The Finn has found it difficult to get comfortable with the Ferrari F14 T and has been beaten by his teammate Fernando Alonso as a result. In China, Raikkonen finished more than 50 seconds adrift of Alonso.
James Allison, Ferrari's chassis technical director, thinks Raikkonen will soon be back to his best however, tipping the 2007 World Champion for a rapid resurgence.
"Kimi is working extremely well with this team, collaborating extremely well with his engineers, with the other car, and helping us drive this car forwards; helping to show us where it is weak and helping us to make it stronger," Allison told Ferrari.com.
"He has class written all over him, and we know that within a very short space of time we will also be seeing the results on the track."
|James Allison. (Photo: Ferrari)|
Allison also paid tribute to Alonso, saying his form over the opening four races has been phenomenal.
"With Fernando we have seen an extraordinary level of performance, scavenging every possible point at every possible opportunity," he said. "We have to say thank you to him for what he has managed to do with the car so far this year.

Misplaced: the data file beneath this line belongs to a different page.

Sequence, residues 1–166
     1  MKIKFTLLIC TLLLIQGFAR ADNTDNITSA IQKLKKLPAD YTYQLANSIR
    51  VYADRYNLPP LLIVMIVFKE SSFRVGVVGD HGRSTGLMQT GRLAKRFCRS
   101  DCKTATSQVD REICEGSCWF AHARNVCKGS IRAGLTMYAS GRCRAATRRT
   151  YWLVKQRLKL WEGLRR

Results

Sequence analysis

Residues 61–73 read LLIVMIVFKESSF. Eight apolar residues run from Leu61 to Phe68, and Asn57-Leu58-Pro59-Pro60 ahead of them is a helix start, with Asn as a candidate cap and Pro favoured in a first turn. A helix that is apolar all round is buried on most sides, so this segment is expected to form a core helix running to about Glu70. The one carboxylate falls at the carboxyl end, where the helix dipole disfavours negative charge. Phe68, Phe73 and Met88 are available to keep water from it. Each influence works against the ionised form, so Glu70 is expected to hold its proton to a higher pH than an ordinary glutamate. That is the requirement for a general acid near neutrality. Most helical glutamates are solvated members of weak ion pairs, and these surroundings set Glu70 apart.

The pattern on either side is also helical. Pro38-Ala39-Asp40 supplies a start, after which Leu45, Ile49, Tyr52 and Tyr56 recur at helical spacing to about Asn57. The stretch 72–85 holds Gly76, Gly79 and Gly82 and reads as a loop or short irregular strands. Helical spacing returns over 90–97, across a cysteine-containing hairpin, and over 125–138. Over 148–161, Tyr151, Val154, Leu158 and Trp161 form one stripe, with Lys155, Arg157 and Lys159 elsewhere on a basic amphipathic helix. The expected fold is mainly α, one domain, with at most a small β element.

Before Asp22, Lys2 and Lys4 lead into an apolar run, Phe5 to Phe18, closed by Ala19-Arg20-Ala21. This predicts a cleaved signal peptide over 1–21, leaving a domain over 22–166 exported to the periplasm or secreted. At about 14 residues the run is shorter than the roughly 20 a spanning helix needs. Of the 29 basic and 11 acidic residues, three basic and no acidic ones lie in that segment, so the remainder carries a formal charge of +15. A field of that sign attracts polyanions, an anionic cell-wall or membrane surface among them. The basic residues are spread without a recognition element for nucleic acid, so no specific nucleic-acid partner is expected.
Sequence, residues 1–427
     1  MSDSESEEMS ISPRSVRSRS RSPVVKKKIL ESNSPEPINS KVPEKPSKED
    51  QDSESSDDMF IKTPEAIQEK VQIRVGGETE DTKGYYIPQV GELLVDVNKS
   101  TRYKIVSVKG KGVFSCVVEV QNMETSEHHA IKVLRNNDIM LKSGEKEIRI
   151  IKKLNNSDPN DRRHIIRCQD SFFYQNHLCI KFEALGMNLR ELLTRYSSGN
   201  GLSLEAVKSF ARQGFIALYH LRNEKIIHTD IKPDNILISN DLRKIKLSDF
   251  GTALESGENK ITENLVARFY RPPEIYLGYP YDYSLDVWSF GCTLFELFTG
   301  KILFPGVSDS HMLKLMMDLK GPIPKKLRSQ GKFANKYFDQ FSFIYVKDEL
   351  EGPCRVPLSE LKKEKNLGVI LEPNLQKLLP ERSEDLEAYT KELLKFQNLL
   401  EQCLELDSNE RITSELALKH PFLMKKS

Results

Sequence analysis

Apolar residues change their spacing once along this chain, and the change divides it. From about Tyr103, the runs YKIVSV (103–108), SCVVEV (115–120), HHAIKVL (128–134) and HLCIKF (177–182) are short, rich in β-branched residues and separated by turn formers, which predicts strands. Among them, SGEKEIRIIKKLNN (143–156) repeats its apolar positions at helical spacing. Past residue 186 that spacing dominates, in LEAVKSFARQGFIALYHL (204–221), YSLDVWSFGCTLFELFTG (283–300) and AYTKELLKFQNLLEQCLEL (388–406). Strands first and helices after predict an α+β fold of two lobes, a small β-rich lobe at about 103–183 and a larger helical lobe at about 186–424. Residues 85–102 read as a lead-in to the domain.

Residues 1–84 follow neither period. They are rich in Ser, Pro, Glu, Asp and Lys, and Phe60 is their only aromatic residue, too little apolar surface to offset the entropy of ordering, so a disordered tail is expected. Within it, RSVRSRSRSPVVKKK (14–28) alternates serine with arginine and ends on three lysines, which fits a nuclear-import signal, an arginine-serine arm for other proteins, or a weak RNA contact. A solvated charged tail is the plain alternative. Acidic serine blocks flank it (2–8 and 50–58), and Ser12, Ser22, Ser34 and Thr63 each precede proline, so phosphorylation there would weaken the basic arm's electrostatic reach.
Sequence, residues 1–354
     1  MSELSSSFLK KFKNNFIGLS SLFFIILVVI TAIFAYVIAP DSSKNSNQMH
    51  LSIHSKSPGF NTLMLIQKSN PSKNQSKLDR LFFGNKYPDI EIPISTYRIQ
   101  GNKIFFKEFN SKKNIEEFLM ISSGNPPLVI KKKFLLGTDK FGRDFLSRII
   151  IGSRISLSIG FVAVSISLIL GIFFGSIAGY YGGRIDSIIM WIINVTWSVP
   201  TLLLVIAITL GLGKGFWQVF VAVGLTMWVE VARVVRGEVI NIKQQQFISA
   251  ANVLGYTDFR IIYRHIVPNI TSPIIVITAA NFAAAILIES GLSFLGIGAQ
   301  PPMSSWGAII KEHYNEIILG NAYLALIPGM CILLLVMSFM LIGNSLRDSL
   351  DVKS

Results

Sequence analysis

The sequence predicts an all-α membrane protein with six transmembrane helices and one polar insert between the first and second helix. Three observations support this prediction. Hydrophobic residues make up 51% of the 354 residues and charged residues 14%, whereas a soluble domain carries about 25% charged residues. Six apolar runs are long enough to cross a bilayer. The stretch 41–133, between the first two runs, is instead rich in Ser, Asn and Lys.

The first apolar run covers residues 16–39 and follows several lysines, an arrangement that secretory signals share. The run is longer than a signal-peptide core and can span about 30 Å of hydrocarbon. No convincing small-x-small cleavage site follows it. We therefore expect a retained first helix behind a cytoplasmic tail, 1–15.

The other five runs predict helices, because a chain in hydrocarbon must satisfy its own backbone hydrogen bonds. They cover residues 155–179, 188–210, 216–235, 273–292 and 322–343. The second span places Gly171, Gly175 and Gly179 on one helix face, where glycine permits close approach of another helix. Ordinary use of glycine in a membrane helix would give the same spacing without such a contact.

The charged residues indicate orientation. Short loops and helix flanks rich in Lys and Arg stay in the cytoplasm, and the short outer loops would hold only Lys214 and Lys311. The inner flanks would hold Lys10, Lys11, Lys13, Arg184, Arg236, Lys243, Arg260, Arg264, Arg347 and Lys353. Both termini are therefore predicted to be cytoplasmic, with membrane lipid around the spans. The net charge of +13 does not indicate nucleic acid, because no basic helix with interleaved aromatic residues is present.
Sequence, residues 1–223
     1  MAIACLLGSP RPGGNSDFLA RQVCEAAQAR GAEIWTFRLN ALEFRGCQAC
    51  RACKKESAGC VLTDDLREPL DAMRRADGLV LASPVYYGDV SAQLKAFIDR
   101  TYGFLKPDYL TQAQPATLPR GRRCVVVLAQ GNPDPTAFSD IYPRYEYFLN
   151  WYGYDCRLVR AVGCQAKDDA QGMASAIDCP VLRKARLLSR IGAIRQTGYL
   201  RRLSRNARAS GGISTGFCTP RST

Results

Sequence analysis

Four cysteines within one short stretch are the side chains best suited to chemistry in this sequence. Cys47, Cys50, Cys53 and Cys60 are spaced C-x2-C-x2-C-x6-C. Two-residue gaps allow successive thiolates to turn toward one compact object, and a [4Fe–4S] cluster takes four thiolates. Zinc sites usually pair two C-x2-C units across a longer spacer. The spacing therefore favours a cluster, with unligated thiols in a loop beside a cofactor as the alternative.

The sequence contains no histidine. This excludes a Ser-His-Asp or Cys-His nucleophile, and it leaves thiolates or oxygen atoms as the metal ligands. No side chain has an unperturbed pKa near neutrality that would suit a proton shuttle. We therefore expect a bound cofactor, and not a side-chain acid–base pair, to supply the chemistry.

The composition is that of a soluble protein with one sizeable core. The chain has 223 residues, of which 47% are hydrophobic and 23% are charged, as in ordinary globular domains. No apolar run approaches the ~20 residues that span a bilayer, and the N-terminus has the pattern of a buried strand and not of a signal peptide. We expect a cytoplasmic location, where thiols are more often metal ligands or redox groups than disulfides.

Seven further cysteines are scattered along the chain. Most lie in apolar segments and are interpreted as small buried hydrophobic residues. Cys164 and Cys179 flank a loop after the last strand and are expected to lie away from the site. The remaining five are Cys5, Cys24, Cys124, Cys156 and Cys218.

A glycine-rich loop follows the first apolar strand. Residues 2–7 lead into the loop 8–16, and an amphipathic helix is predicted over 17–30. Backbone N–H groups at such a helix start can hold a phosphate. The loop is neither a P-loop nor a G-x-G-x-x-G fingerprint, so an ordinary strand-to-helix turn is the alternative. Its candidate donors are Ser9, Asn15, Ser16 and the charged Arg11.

"We are very fortunate to have two good drivers with impeccable pedigree. Until we deliver both our drivers a car they can really put to work on a track, we are just fortunate to have these guys helping us drive the programme forward."
Allison believes it is imperative for Ferrari to continue finding gains at every remaining Grand Prix, in order to continue the improvement the team enjoyed between Bahrain and China.
|Kimi Raikkonen, Ferrari F14 T. (Photo: WRi2)|
"The performance we saw at China - was that the real performance of the car, or was it Bahrain?" Allison said.
"In fact it is a mistake to think in those terms, because it wasn't the same car at those tracks: between Bahrain and China we improved the car quite substantially.
"That is the key to having a successful season: you need to keep improving at every race. If we can do that successfully, bringing a meaning amount of performance to every race, we will keep seeing a step forward,” the British engineer explained.